On a visit to one of the schools, which was in direct contravention of Section 5.0, 5.5 ( which was its location in a residential building, within a dedicated residential estate), the proprietress went on to exclaim that this was not a business entered into for profit, but for a passion to educate, and give children the solid foundation they would require to excel in life. When asked if she understood that the school was located in a residential building which contravened the guidelines of the FCT and thus would have limited growth opportunities, the proprietress stated that for now it met the needs and convenience of the parents it served, adding that in the future, they would procure suitable land to meet the expectations of the FCT Administration. She further explained that obtaining land wasn’t an easy feat, that it wasn’t her desire to disregard the guidelines. She told Leadership Friday that FCT inspectors had visited and the school passed in other areas of assessment.
This scenario highlights the challenge of managing private schools within the FCT and this might also be as a consequence of the purpose for which owners have set them up – to provide stop-gap to fill the required needs. Didam, however, explained that whilst he is not ignorant of land acquisition issues, he explained that this was not a factor for short-changing the policy. “Private schools needed to operate within the right location, with the right facilities, especially with enough room for recreation. It’s one standard, as you see that government schools also operate the same way”, he said.
He continued: “Having private schools located in either private homes or make-shift buildings that do not have the capacity for future possible expansion is unacceptable. These cramped spaces make it impossible to provide sporting/playground facilities, library, and restrooms, etc. all of which are essential to the learning phase. Private school entrepreneurs have been guaranteed full cooperation from the DQA if they ensure full compliance as wholly outlined in the Guidelines.”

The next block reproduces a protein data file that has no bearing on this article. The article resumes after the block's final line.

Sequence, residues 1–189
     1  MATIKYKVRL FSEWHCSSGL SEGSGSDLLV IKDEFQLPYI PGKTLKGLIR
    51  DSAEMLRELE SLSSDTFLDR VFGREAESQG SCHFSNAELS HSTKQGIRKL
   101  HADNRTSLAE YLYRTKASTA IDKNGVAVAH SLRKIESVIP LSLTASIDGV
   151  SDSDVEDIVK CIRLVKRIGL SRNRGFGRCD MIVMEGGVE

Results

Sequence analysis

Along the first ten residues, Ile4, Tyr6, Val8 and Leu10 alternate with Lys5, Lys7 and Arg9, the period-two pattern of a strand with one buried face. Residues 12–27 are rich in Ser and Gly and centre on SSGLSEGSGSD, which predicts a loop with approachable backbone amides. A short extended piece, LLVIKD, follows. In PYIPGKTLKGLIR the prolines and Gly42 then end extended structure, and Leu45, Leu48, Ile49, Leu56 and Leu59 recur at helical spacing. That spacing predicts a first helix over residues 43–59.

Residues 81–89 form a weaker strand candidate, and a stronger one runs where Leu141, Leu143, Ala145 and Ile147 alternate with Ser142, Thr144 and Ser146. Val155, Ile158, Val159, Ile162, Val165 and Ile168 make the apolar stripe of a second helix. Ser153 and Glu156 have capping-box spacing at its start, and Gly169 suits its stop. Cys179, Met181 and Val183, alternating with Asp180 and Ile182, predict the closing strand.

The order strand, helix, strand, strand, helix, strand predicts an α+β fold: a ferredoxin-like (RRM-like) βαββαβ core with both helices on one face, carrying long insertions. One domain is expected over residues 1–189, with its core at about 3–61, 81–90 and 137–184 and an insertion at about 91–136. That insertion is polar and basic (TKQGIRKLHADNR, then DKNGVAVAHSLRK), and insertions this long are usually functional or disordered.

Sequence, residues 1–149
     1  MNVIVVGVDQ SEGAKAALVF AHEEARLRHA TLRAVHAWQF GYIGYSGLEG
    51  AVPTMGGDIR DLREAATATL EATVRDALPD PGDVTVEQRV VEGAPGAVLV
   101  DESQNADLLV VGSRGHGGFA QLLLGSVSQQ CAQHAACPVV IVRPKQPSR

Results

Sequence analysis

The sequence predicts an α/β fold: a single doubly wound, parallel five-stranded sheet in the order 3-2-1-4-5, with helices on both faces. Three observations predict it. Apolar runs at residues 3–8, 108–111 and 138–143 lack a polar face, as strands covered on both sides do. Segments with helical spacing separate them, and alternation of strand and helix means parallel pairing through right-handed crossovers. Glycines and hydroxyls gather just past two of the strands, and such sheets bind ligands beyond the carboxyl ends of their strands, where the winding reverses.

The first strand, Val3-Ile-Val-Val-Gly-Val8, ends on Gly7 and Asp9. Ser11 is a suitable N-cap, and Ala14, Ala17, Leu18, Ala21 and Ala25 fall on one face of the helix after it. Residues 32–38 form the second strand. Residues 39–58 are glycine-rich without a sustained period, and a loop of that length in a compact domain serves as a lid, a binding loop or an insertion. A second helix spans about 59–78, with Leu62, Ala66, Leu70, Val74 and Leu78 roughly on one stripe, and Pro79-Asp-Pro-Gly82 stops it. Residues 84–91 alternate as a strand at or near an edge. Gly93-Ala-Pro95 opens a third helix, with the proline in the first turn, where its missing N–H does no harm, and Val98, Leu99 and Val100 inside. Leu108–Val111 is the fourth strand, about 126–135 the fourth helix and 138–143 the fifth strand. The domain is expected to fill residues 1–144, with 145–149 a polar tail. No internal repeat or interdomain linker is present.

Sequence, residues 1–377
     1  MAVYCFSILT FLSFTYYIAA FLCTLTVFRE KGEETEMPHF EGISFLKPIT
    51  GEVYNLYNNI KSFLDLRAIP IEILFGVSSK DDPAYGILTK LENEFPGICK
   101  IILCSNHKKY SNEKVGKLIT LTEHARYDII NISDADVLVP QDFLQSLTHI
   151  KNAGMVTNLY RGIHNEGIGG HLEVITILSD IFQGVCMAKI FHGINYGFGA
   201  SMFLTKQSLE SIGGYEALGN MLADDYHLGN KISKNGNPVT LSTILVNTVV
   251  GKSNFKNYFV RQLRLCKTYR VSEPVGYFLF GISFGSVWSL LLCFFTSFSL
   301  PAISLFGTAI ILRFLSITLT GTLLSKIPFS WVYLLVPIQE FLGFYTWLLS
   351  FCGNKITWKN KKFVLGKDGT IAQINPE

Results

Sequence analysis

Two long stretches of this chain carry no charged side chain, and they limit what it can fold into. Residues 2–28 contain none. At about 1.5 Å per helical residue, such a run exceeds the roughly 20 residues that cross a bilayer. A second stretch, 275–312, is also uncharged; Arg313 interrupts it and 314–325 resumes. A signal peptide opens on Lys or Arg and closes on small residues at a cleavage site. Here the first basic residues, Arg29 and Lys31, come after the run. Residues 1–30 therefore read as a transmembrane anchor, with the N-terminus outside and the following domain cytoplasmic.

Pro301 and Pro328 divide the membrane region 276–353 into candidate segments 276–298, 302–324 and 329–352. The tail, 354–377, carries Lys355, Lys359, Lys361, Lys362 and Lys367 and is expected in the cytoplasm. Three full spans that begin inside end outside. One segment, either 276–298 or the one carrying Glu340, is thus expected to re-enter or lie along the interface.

An educational consultant, Dr Timi Hyacinth, who is currently managing a new private Crèche, Nursery and Primary school in Lokogoma District of the FCT, told Leadership Friday, that the support and development of education was the goal. She commended the FCTA on its set procedures, stating that she believed it was in the interest of all to ensure a commitment to quality assurance in educational institutions. She explained that these processes are essential in achieving education goals and excellent practices. The DQA has to ensure that private schools, beginning from establishment through operation to certification should conform to the law, which will in turn contribute towards realising their primary objectives of quality education.
Dr. Hyacinth further noted, that the institution she represented was purpose built and driven and as such, the owner’s intent was to build a school of the best standard. Since dealing with the DQA, she said she has not had any problems.
The head, public relations of the Education Secretariat of the FCTA, Mr Anthony Ogunleye, told Leadership Friday that “In carrying out teaching and learning, location and facilities are central; some of these private schools may not be able to afford facilities/equipment necessary, to the disadvantage of a balanced curriculum as required by the country’s educational system.”
He cited as example, a school which he said they had to shut down last year, because they had been operating from a plaza. The school, which was a church initiative, according to him, had been located on the second floor amidst other businesses above and below it. He said it was clear this was an unsuitable location, but the church hadn’t thought about accreditation status and went ahead to send their wards to a plaza to study. He stressed that parents and guardians needed to ask questions of whether or not the school they intend to send their ward to is accredited. Ogunleye assured that there were measures which the DQA could, and would implement to ensure that parents and guardians had access to the required information.